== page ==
"You know, we're just working on it," he said at Bristol. "It takes time, those deals. You can't just say yes, let's do it. It takes time to put the sponsorships together, it takes time to have meetings, and it takes time to do all that. You have got to be patient."

In essence, it appears another driver is staying put. Granted, all it takes is one domino to fall for the entire equation to change. The right driver leaves, and a flurry of action follows. That surely would have been the case had Edwards bolted for Gibbs, which would have set off a series of events that at the very least may have included Joey Logano, Ricky Stenhouse Jr. and Trevor Bayne, and championship-caliber rides in both the Sprint Cup and Nationwide series. All it takes is the right person to move -- remember all the craziness that involved Kurt Busch, Jamie McMurray, Mark Martin, Todd Kluever, Reed Sorenson and Casey Mears in the great Roush/Ganassi shuffle prior to the 2006 campaign -- and silly season suddenly becomes very silly again.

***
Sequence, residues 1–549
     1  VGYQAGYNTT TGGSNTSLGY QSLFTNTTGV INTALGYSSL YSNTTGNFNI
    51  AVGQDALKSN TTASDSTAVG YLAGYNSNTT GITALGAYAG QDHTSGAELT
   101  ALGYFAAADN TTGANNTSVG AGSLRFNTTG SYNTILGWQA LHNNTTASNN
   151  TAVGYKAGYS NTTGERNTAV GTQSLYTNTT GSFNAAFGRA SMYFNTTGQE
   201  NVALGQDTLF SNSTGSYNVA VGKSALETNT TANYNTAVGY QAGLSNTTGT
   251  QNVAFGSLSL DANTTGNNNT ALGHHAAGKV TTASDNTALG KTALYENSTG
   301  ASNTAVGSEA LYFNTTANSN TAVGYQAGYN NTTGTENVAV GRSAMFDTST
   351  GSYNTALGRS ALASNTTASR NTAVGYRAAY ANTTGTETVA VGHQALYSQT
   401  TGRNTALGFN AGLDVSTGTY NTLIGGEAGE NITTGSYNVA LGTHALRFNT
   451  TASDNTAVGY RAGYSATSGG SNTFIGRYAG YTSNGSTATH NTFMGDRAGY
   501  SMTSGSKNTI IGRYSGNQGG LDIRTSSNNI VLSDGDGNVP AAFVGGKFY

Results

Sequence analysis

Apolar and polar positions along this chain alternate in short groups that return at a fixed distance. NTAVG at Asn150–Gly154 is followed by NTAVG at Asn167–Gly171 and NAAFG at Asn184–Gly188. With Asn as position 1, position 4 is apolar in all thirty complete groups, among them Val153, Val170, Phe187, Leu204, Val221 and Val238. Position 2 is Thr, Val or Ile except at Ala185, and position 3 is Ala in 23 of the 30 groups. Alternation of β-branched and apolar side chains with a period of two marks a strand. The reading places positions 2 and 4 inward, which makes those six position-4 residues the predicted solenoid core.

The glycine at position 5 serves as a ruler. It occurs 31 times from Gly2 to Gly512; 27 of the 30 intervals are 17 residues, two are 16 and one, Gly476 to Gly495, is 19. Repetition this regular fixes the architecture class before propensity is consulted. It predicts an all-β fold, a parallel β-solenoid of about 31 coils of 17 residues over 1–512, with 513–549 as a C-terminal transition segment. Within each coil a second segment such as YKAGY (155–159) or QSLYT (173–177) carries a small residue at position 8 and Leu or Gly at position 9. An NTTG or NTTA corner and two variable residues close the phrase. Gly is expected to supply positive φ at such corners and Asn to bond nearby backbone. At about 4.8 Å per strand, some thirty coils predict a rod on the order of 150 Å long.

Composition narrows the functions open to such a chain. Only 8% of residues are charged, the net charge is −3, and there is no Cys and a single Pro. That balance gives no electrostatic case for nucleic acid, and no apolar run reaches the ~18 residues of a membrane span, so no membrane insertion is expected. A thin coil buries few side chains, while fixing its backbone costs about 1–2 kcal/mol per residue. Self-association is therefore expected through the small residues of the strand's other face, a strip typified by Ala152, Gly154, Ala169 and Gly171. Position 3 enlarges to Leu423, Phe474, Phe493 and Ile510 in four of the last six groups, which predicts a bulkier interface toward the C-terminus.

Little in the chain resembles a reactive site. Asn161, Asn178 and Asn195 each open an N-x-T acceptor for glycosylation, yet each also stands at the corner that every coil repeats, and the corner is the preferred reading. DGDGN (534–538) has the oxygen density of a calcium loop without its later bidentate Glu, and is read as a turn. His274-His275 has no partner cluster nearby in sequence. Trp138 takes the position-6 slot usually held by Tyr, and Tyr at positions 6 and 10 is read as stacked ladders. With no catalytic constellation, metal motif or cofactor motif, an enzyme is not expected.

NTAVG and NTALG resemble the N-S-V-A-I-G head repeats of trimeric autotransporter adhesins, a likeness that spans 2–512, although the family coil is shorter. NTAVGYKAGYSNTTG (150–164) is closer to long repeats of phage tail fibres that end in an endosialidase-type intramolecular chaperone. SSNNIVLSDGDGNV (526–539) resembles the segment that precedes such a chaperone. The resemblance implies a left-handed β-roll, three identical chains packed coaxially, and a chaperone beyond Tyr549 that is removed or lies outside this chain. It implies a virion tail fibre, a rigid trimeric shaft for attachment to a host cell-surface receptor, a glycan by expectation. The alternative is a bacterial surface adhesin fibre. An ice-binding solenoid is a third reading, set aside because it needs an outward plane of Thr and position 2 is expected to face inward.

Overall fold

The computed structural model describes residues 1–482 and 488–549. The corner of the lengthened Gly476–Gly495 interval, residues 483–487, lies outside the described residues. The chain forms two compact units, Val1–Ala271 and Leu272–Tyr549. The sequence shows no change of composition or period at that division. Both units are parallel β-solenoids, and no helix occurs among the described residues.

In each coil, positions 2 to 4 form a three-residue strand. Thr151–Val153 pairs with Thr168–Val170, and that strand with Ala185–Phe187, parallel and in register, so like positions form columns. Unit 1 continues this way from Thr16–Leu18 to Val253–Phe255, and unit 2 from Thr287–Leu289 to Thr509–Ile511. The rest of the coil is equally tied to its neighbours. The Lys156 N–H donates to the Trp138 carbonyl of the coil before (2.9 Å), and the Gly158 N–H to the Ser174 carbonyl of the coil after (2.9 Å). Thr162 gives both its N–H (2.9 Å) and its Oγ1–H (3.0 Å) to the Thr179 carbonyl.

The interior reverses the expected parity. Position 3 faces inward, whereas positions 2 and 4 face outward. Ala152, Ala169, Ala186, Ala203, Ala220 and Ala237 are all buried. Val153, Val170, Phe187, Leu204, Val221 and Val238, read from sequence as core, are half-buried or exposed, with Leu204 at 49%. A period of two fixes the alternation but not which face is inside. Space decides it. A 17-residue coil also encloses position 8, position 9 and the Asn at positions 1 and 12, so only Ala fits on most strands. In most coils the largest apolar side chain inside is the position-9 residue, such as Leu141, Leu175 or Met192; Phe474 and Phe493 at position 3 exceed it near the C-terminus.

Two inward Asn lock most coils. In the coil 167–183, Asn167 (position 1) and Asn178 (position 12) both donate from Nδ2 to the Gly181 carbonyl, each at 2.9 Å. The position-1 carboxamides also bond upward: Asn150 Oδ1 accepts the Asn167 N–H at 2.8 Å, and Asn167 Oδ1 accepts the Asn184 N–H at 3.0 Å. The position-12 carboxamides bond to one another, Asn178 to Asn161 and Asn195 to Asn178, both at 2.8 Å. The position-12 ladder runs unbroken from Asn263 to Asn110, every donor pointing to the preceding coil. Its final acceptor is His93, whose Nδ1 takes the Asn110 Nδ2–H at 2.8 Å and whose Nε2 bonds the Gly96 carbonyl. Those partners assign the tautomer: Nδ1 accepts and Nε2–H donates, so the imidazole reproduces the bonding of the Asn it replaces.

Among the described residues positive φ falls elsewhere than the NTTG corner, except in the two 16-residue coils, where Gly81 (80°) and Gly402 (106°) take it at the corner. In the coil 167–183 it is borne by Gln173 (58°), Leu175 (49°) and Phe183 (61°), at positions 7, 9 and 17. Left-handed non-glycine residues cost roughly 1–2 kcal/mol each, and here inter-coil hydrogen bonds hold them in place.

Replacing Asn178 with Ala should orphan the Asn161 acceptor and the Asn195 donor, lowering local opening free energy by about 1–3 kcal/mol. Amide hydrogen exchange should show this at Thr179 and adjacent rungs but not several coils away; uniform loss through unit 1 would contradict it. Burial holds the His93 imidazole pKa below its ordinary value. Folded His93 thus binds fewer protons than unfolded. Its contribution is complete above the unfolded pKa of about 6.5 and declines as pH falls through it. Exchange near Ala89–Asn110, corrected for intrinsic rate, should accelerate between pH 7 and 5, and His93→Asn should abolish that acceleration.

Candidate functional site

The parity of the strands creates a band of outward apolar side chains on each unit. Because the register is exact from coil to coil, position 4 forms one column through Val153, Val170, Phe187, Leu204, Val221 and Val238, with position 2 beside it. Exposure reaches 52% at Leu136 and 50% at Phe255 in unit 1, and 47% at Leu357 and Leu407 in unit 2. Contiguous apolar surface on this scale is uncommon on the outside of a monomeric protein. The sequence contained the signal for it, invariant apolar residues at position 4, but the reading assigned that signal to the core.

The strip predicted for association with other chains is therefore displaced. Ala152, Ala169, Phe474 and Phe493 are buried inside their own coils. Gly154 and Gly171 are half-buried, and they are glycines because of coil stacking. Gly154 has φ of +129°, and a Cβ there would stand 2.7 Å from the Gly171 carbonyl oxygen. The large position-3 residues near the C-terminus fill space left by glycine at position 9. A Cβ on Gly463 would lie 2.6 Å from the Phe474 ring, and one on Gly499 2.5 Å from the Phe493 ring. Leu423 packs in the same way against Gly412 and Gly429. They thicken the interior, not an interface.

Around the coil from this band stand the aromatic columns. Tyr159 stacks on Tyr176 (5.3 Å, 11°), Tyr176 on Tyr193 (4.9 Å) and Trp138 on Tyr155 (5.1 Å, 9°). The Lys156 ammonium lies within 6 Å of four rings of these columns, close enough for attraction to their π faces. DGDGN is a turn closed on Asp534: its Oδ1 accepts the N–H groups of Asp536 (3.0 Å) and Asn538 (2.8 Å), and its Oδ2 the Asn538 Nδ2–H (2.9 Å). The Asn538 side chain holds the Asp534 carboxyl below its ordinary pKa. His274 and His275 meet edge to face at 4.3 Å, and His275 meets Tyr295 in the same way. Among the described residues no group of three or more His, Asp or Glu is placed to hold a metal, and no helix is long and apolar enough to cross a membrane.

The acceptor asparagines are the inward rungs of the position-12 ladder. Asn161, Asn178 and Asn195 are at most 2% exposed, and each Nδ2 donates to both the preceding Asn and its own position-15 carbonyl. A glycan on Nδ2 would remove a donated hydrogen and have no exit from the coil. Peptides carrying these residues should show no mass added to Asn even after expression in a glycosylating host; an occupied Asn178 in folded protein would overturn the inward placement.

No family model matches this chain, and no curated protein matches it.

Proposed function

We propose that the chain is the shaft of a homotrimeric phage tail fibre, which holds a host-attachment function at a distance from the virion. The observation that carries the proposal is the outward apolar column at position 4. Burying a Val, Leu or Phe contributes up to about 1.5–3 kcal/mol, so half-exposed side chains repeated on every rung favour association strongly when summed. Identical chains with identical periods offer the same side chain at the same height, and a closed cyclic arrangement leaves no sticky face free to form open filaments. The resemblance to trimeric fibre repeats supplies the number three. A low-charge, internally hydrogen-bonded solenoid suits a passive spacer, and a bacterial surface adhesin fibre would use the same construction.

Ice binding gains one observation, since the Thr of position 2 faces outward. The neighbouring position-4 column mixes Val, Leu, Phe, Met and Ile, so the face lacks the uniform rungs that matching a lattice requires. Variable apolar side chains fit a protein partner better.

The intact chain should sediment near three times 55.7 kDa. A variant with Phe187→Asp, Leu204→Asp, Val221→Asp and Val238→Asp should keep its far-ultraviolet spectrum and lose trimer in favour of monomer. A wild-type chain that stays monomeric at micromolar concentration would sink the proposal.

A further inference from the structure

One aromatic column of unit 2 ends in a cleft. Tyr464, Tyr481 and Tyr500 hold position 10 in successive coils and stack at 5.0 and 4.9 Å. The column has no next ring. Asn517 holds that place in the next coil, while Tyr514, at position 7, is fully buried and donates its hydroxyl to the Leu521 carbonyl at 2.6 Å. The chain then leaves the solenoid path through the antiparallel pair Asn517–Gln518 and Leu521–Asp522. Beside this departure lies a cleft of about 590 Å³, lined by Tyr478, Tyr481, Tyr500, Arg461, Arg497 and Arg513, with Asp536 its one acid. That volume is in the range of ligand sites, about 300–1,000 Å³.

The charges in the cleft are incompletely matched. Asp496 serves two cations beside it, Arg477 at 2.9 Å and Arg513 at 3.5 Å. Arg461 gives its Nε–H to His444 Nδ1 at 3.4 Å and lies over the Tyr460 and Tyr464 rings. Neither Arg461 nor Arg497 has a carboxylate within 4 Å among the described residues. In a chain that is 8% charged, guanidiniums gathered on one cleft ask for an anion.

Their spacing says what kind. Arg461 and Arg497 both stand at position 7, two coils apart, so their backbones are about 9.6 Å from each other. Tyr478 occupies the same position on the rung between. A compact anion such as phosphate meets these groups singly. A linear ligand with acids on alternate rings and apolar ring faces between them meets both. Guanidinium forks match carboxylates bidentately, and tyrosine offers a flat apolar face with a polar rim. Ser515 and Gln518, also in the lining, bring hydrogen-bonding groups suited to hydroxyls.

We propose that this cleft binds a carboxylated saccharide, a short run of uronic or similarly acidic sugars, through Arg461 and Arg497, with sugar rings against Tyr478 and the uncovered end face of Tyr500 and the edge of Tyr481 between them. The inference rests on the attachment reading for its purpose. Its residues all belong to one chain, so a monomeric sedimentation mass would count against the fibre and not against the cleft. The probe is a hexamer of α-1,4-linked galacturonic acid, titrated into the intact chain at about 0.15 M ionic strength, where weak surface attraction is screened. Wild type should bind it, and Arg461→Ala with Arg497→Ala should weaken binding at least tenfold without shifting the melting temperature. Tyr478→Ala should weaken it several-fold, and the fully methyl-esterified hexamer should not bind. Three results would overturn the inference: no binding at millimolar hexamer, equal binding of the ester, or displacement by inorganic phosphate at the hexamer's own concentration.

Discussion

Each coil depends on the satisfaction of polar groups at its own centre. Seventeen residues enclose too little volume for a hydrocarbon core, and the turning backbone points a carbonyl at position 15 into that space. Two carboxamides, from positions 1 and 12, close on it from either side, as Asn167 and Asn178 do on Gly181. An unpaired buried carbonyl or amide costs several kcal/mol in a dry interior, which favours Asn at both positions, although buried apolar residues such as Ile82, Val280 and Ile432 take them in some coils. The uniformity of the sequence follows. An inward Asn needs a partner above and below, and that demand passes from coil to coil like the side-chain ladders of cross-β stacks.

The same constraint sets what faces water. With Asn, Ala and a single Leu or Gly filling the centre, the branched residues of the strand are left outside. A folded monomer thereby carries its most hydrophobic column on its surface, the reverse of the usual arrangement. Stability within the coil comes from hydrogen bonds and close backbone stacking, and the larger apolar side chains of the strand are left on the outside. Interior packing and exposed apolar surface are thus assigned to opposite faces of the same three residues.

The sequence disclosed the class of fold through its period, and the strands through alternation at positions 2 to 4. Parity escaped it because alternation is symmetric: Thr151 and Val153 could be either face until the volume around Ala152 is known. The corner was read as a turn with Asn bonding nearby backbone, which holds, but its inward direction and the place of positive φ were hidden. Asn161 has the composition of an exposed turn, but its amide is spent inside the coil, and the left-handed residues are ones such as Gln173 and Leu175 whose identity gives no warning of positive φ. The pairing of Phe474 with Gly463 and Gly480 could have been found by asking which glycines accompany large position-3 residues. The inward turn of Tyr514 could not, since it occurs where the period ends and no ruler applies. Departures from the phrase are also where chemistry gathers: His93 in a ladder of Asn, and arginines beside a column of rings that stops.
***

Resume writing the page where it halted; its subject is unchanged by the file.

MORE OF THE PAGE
The right support systems, though, have to be in place for those kinds of moves to unfold, and 2011 offers a climate very different from late 2005. There aren't as many teams in the garage area, aren't as many sponsors willing to write the kinds of checks it takes to back a full-time ride on the Sprint Cup tour, aren't as many options available for a driver in a contract year. Regardless of how good they are or how many races they've won, competitors potentially looking to move have only as much leverage as outside forces allow. No wonder so many of them are ultimately deciding there's no place like home.

The opinions expressed are solely those of the writer.